• When: Semester 1



  • What: Crash courses from real life experts that shares first hand advise from working in the industry, locally as well as internationally. The mentorships are divided into 6 departments: Cinematography, Directing, Editing, Sound, Scriptwriting and Producing.
  • Who: NUS Students
  • When: Semester 2


Summer and Winter Productions

  • What: A chance to apply what you have learnt from Film School and your mentorships in to a summer or winter long production with other fellow filmmakers from nuStudios. The productions are made possible with the help of CFA, and various sponsors and industry partners.
  • When: Summer and Winter Break
  • Who: Anyone


Point and Shoot

  • What: An annual short film competition organized by nuStudios, giving you the opportunity to plan, shoot, edit and submit the best 3-minute short film in teams. You will only be given fewer than 55 hours to complete this once this year’s theme is released. What a fun challenge!
  • When: 16 March 2018
  • Who: All pre-university and tertiary institution students


If you are interested, check out the Point and Shoot website here.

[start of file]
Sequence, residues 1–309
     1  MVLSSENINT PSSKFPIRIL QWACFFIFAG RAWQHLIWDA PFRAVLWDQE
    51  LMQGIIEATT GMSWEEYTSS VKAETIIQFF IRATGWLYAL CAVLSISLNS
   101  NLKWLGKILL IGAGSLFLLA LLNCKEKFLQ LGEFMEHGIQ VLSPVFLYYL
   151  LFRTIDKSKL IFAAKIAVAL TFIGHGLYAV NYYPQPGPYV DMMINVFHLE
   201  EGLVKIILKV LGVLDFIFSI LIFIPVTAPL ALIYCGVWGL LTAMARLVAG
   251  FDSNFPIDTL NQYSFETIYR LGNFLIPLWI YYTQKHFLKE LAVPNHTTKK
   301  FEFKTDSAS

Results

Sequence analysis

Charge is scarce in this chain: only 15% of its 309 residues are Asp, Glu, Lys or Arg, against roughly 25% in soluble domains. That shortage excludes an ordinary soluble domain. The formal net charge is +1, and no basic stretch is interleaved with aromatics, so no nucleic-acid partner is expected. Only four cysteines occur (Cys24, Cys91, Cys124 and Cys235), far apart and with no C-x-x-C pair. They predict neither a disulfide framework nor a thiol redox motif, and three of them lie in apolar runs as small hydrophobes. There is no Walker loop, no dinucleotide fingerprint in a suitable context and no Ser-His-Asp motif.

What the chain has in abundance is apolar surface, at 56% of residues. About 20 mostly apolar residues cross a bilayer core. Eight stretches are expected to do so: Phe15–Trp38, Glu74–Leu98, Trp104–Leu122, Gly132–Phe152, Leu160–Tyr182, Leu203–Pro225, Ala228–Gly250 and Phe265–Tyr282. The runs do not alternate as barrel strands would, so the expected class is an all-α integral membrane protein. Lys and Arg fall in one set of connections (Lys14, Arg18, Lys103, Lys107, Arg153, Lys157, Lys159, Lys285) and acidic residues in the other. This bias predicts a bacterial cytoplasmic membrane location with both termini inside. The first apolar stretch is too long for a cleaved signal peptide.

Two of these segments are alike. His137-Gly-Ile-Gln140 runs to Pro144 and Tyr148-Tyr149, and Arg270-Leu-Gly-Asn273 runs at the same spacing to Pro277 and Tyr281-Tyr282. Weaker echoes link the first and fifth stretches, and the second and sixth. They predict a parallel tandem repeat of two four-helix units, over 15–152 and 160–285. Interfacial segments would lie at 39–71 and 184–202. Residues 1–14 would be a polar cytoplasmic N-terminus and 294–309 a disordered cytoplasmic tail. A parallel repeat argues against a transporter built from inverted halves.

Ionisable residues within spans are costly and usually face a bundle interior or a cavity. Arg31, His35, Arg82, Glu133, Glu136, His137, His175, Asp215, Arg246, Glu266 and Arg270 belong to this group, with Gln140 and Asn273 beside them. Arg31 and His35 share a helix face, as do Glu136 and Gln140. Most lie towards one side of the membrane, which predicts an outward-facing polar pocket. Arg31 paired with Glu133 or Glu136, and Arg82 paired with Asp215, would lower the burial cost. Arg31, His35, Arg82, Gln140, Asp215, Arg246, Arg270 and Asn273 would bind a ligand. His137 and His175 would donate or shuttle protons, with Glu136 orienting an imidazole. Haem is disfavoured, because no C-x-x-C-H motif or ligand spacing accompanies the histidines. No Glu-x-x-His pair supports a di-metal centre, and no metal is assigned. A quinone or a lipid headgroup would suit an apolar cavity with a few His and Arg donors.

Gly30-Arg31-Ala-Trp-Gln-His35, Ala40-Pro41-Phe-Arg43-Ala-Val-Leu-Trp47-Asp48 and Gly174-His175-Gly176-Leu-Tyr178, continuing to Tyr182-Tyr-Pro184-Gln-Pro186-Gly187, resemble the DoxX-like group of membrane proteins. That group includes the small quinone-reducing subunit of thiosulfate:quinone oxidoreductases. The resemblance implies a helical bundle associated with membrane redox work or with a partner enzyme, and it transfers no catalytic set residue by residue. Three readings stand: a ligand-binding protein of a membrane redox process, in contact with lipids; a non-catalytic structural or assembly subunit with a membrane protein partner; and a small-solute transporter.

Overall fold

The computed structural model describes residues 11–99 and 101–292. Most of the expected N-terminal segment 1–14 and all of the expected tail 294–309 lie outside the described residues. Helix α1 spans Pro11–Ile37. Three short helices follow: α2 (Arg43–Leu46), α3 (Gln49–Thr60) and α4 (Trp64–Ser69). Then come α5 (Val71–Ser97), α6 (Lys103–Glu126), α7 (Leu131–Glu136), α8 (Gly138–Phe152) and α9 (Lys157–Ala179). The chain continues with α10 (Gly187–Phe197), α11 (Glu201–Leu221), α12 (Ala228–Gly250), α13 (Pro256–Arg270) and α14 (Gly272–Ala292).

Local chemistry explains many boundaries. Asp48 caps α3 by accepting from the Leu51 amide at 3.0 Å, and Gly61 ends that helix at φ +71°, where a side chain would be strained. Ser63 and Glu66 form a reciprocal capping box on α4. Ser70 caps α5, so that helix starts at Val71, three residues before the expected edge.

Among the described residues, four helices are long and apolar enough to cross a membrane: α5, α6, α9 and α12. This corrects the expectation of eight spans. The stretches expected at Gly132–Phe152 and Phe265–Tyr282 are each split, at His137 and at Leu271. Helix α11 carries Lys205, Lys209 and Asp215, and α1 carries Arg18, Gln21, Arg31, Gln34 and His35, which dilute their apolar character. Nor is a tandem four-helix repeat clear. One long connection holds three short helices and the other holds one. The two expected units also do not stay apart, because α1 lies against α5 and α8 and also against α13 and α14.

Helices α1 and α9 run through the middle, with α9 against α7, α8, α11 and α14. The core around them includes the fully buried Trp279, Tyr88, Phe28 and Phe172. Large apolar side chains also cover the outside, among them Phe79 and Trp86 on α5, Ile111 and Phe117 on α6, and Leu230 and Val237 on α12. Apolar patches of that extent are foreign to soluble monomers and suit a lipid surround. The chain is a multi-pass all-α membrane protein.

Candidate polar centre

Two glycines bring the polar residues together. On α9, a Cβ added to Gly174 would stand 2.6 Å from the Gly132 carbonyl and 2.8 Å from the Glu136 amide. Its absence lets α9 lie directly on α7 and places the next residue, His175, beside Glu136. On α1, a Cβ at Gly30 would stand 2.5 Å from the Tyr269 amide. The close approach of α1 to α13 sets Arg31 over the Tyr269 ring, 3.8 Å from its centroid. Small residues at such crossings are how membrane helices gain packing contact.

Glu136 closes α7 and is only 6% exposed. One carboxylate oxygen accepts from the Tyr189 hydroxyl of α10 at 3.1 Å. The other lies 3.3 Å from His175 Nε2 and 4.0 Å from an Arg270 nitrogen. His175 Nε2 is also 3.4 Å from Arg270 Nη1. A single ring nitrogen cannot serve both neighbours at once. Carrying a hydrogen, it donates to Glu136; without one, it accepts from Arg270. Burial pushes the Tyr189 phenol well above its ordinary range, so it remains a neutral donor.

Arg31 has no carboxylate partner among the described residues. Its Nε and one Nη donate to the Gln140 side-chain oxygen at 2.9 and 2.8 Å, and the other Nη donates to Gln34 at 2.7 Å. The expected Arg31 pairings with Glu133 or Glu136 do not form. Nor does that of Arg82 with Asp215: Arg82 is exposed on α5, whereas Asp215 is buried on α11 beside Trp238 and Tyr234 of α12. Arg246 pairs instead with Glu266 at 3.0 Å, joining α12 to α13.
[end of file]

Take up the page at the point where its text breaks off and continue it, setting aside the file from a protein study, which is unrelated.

Screen Shot 2018-03-17 at 4.06.48 PM

Speaking to Judith, I was enlightened on how the general student population is not too aware of the local filmmaking scene. To Judith, there has been a growing attention on local films, but majority of the interest tends to come from people who are already in the film community and still not as much from the general public. She mentioned how Singapore’s filmmakers such as Boo Jun Feng and Kirsten Tan are actually getting more and more attention from the international filmmaking audience and so, it is encouraging for both aspiring filmmakers and even for the general public.


This is why the arts scene in NUS plays such an important role in the university’s education and student life. Educating and exposing the students to more artists and works as well as encouraging them to pursue their artistic endeavors gives us grounds to grow creatively and as people. To quote eminent writer Kilroy J. Oldster, “Witnessing the panoply of beauty in all of nature takes us out of our shell of self-absorption … and is how we stay in touch with the glorious pageantry of living”. As an educational instituition that prides in producing well rounded citizens of the world, an exposure to the visual arts provides one with a wealth of knowledge and appreciation for creativity and innovation. Such can also be applied to students’ majors and fields, inspiring an interdisciplinary outlook on the world. What better way to learn than from being introduced to different art forms in a space that encourages learning and fearless experimentation?